The CEO of Netflix has sent an email to customers that serves as a shining example of how big business can do a great deal to start to rebuild reputations by simply being humble.
“I messed up. I owe everyone an explanation,” the email from Reed Hastings begins. “It is clear from the feedback over the past two months that many members felt we lacked respect and humility in the way we announced the separation of DVD and streaming, and the price changes. That was certainly not our intent, and I offer my sincere apology. I’ll try to explain how this happened.”
As you probably know, people went bonkers when Netflix unbundled its mail and streaming service and pushed through a 60% price hike for the combo of the two back in July.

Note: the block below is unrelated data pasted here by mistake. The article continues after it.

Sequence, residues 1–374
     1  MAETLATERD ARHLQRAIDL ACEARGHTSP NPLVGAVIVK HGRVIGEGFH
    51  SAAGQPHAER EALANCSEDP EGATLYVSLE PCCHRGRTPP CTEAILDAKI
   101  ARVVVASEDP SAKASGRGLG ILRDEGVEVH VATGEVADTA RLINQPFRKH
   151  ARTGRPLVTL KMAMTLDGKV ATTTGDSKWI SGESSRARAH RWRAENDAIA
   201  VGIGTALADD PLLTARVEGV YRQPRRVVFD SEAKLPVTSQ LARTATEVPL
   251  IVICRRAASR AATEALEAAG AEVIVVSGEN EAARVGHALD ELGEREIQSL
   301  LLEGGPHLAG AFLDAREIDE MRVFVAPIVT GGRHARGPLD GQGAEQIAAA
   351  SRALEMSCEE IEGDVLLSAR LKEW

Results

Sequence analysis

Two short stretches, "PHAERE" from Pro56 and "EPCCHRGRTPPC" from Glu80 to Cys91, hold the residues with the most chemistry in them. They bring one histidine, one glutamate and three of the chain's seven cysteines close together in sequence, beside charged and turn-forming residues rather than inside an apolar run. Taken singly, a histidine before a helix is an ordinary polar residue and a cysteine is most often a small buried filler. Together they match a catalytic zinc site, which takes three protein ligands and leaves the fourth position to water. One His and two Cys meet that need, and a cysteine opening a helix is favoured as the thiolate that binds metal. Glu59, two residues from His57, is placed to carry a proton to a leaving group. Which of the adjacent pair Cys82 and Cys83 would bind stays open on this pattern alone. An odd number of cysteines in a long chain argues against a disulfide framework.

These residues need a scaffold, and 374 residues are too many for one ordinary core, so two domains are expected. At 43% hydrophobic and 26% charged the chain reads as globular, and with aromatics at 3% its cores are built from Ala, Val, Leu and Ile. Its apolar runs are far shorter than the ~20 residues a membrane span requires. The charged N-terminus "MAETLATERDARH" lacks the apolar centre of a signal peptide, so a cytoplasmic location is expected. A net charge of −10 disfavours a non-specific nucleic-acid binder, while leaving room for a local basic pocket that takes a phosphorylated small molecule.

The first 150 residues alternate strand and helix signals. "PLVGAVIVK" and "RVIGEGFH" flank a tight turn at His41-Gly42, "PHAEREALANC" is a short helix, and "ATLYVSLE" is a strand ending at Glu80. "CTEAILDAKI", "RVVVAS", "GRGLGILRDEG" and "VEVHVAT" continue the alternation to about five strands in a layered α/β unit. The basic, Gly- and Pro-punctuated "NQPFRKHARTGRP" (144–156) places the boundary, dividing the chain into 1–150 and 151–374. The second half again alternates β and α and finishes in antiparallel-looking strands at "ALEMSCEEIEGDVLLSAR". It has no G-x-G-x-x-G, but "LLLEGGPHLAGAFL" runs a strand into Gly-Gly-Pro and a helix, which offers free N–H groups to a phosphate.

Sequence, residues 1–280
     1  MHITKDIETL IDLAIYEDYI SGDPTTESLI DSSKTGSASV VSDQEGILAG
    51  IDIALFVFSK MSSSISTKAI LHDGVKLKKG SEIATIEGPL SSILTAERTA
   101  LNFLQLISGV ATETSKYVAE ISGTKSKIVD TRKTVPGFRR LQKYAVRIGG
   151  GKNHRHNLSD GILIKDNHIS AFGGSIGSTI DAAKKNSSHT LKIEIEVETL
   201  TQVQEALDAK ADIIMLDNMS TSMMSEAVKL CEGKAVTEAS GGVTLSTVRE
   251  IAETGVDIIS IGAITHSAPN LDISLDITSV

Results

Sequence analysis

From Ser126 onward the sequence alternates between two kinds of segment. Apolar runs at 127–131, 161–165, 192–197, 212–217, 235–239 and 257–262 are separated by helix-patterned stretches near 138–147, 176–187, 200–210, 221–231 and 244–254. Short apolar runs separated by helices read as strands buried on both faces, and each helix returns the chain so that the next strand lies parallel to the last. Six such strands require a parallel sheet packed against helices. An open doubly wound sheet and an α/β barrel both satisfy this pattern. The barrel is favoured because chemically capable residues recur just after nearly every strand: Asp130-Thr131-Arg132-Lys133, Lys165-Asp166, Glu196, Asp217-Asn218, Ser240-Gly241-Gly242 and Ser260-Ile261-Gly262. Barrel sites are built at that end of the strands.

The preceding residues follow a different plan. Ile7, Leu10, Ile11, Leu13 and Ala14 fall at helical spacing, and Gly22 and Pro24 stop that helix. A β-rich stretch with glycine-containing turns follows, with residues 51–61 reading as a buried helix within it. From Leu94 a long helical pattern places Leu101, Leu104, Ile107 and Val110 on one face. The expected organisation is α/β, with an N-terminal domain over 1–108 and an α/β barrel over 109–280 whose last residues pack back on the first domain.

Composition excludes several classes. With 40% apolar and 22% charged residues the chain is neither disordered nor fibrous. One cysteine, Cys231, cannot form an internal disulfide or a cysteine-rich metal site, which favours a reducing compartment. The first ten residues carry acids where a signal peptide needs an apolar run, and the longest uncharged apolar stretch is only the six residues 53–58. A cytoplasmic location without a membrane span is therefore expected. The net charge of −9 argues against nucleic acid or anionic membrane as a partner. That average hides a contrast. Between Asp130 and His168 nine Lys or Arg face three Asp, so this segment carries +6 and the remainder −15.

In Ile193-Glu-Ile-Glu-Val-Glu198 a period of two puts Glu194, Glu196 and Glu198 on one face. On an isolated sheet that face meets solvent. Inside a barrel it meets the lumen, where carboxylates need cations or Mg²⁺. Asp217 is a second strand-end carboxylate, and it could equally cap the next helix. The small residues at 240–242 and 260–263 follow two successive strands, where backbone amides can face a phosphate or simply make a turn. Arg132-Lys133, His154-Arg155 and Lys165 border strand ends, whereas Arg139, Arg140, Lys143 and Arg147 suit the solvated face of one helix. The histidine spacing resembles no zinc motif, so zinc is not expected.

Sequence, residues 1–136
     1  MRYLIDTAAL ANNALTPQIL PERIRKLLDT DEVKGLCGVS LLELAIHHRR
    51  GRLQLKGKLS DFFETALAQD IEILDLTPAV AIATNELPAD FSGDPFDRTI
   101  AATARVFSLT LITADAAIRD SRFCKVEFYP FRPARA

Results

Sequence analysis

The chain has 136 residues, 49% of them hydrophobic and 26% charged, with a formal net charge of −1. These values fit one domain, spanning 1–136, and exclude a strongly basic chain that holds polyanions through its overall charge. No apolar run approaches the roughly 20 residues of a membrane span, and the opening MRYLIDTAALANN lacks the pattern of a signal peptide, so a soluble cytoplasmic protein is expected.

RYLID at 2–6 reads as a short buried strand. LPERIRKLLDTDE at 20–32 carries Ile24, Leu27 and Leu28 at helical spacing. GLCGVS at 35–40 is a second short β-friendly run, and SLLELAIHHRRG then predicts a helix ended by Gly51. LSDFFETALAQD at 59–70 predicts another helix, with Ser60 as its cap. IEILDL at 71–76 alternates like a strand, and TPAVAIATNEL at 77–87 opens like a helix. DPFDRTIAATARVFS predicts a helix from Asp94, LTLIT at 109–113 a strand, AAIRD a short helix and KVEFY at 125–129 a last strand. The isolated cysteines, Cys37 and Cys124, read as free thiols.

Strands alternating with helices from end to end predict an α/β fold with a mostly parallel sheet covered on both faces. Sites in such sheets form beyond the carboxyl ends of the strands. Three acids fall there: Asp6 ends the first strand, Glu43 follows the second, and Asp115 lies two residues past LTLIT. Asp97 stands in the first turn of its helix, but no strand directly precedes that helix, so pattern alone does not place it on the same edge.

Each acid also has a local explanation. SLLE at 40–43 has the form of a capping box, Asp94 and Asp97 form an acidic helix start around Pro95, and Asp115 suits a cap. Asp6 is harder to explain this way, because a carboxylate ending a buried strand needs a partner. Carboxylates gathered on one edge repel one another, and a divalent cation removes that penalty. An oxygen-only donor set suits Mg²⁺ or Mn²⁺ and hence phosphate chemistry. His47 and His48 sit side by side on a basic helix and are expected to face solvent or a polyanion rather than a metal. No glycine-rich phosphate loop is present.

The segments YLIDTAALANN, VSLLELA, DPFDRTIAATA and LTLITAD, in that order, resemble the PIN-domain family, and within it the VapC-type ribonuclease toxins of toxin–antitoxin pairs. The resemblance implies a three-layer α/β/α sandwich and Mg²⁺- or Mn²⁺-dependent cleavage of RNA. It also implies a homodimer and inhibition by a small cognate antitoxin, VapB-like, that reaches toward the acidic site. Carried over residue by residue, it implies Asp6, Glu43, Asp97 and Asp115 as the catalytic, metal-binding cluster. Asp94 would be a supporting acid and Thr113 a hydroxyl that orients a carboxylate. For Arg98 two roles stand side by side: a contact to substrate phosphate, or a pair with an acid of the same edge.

The company has seen erosion in subscribers and its stock has been pounded in the wake of the misstep. But the greater damage was that the company’s hard won reputation as a fan favorite was ruined in a moment.
I think Hastings’ apology move is a classy one. And though I can’t tell the future, I believe it’s important for the health of the company that people not dislike them, so this is a good step in that direction. A CEO communicating in a humble way is so important.
The Japanese have a totally different corporate culture. When a company messes up over there, the CEO personally apologizes because it’s his (or her) name on the door. I think a little more of that kind of humble pie from impersonal U.S. corporations would go a long to restoring trust in corporate America.
As far as Netflix goes, the price changes they put in place back in July are baked in the cake: You’ll still pay one bill for streaming and a separate bill for DVDs through the mail. My family has opted for the streaming only and we rent $1 DVDs from RedBox if we can’t get something we want online.